McDonald’s Stock Surges as New Menu Brings Back Customers in Most Major Markets

April 30, 2018, 1:53 PM UTC

McDonald’s (MCD) return to form shows no signs of losing steam.

The world’s largest fast-food chain on Monday reported strong growth in every major market, from France to Russia to the U.S. as efforts to renew its menu brought back customers in great numbers, sending its shares up 4% in early trading.

In the United States, McDonald’s biggest market, sales at restaurants open at least 13 months rose 2.9%, thanks to higher prices and better sales of its higher-ticket items. In what McDonald’s calls its “lead” markets abroad, namely Australia, Canada, France, Germany, and the U.K., they rose 7.8% in international lead markets. The company blew past estimates on both counts. Globally, same-store sales were up 5.5%, better than analyst expectations for 3.9%.

“More customers are recognizing that we are becoming a better McDonald’s,” McDonald’s CEO Steve Easterbrook said in a statement.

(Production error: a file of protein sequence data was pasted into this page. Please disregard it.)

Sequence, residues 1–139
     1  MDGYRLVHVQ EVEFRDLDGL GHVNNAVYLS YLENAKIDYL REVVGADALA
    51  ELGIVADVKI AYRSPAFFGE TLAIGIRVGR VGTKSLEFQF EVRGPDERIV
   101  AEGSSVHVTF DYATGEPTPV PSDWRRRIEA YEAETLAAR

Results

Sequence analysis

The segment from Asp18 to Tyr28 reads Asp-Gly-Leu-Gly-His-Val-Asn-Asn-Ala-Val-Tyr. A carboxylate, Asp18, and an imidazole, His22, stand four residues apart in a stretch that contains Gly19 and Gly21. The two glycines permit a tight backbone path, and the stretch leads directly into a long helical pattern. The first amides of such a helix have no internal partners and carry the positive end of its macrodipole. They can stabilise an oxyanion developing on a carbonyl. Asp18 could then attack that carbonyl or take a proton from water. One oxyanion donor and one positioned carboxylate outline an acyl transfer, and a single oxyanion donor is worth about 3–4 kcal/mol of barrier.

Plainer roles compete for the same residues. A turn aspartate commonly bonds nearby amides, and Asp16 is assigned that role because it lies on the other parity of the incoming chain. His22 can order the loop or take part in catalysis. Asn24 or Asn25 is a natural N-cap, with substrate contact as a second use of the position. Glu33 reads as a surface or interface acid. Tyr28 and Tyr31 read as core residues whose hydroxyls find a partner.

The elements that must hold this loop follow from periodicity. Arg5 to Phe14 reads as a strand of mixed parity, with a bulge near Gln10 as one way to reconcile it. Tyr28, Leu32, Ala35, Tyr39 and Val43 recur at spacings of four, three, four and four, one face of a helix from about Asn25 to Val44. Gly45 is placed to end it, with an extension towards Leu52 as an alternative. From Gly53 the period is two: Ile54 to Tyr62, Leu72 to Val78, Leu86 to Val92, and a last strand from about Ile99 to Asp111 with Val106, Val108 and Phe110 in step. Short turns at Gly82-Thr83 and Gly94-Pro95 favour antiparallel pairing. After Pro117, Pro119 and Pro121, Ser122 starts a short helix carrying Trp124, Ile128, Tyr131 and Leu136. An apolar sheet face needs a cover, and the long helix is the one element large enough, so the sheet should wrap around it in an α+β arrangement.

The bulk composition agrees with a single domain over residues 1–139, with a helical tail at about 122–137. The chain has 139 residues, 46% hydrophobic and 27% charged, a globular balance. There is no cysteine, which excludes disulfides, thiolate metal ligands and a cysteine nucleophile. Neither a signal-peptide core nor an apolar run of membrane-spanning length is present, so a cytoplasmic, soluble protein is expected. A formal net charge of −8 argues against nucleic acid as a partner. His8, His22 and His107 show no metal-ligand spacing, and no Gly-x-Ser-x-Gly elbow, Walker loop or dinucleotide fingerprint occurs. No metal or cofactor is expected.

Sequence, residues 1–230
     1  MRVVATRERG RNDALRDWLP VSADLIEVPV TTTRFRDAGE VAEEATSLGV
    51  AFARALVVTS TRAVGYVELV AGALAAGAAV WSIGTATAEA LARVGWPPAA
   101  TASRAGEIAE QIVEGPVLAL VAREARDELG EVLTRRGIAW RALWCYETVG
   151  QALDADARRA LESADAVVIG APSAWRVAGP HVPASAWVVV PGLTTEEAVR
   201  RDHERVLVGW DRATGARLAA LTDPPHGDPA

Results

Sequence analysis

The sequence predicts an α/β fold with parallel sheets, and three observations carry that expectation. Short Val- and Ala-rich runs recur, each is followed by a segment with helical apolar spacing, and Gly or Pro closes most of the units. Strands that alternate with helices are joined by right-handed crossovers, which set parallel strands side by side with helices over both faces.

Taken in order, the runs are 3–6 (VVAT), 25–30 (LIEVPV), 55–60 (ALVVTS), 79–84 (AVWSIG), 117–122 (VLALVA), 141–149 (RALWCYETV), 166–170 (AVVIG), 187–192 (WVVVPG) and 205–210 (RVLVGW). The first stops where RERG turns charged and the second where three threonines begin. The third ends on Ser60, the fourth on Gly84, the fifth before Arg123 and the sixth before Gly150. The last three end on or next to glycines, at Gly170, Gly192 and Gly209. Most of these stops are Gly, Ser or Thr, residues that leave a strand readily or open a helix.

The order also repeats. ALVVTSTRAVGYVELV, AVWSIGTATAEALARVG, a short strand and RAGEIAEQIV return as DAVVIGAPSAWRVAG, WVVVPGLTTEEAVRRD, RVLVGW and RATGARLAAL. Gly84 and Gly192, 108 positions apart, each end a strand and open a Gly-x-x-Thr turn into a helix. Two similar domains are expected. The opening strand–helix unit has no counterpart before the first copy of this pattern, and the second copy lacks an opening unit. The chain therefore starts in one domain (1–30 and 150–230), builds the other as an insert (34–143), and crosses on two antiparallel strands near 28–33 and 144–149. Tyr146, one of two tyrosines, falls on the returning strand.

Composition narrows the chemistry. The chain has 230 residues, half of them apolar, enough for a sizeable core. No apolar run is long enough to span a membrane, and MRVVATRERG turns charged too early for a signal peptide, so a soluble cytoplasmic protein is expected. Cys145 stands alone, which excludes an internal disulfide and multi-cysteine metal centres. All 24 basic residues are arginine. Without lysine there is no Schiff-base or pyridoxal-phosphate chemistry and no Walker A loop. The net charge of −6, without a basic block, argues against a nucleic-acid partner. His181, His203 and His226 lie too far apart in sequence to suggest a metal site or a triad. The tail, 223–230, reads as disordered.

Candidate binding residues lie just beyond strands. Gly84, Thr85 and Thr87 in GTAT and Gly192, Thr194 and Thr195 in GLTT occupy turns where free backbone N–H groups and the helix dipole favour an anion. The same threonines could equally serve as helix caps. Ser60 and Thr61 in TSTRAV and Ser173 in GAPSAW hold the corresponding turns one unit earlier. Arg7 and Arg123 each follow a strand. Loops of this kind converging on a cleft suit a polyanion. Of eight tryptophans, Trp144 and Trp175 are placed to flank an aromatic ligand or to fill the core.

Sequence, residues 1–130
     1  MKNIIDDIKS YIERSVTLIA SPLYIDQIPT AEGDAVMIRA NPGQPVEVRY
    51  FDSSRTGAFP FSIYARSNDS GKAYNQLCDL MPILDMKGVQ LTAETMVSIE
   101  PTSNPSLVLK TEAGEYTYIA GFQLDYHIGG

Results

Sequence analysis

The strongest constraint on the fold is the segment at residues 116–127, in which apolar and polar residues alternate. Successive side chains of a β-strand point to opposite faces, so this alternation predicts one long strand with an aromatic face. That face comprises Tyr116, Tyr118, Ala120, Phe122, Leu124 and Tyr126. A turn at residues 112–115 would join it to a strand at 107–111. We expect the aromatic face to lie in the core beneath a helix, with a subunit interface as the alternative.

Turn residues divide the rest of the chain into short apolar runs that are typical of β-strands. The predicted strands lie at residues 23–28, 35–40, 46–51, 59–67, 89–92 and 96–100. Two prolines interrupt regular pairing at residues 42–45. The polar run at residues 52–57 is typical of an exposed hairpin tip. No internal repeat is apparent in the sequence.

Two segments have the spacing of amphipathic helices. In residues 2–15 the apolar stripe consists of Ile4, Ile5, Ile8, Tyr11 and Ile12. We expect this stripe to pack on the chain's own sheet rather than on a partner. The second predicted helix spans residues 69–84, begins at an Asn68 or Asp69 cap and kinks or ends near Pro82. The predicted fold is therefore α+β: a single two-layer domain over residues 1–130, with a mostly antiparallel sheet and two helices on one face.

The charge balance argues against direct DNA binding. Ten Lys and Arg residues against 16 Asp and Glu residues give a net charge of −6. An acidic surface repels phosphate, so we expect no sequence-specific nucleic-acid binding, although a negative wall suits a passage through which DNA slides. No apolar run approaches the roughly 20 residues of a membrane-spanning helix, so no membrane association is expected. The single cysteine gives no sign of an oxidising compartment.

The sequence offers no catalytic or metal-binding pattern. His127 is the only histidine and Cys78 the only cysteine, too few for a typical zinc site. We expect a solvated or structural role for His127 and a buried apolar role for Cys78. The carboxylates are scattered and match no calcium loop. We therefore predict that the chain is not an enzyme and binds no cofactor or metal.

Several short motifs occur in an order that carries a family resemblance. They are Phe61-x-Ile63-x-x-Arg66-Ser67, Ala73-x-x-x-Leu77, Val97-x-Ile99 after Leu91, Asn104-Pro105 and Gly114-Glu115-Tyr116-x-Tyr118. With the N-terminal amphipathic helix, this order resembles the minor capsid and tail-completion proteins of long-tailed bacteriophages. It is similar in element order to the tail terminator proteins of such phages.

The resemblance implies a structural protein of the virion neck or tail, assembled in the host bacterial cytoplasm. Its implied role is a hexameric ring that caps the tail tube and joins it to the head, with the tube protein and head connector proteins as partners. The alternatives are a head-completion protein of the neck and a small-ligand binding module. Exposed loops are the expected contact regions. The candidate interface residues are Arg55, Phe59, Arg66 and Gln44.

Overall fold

Since he took the reins in 2015, Easterbrook has worked to speed up McDonald’s metabolism, innovate its menu and tech more quickly, and change the hamburger chain’s image. On his watch, McDonald’s has now seen 11 straight quarters of positive comparable sales and, more crucially, five consecutive quarters of high customer traffic.

McDonald’s more recent menu tweaks have included fresh beef in its quarter pounders, something coming to more stores next month, as well as having at least half of its Happy Meals have fewer than 600 calories by 2022.

Same-store sales weren’t the only things to rise in the first quarter: McDonald’s net income rose to $1.38 billion, or $1.72 per share, from $1.21 billion, or $1.47 per share, a year earlier. Total revenue fell 9% to $5.14 billion, but still beat the estimate of $4.98 billion. That decrease stems from McDonald’s selling more of its stores to franchisees. GlobalData Retail’s Neil Saunders called that approach “prudent” in a research note on Monday, saying it “reduced operating expenses and incurs lower capital costs.”

Read More

Great ResignationInflationSupply ChainsLeadership